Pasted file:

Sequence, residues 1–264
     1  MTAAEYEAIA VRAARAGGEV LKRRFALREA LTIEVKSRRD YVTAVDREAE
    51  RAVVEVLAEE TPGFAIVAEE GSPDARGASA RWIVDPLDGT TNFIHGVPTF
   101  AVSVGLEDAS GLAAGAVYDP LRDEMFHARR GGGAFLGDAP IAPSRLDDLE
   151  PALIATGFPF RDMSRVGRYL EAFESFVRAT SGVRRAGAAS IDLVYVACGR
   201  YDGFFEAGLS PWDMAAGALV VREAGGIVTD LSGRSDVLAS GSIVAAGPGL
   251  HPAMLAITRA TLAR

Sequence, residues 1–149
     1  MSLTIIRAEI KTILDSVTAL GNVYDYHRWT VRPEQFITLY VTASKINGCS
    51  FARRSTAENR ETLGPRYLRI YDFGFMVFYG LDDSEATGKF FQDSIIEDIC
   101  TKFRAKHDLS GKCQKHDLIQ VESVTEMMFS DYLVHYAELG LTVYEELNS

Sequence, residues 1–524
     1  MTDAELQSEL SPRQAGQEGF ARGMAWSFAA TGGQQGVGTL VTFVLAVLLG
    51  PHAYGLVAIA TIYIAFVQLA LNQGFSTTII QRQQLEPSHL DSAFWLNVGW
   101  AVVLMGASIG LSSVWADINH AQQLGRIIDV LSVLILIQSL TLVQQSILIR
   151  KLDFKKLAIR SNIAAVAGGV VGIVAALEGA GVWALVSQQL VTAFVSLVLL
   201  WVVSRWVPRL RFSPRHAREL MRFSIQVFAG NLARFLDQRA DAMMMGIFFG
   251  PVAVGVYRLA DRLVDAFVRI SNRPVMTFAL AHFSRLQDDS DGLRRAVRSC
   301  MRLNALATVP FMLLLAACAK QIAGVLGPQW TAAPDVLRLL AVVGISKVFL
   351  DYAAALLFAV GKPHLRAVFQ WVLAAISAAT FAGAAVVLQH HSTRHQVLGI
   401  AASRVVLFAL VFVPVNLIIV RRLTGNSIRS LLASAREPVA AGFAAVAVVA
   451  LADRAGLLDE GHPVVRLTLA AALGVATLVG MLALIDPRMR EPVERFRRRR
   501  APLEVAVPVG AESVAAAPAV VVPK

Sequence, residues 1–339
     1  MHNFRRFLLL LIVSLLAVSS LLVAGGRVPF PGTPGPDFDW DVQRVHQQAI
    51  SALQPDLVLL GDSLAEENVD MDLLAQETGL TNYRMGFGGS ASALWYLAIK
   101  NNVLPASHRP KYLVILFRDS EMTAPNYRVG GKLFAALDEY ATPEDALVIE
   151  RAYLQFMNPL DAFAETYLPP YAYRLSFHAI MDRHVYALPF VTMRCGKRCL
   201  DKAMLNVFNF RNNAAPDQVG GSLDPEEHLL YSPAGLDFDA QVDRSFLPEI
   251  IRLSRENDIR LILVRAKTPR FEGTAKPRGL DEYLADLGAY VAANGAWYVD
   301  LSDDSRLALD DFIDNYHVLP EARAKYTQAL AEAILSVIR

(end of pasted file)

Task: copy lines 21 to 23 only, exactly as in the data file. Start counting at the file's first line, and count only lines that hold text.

   401  AASRVVLFAL VFVPVNLIIV RRLTGNSIRS LLASAREPVA AGFAAVAVVA
   451  LADRAGLLDE GHPVVRLTLA AALGVATLVG MLALIDPRMR EPVERFRRRR
   501  APLEVAVPVG AESVAAAPAV VVPK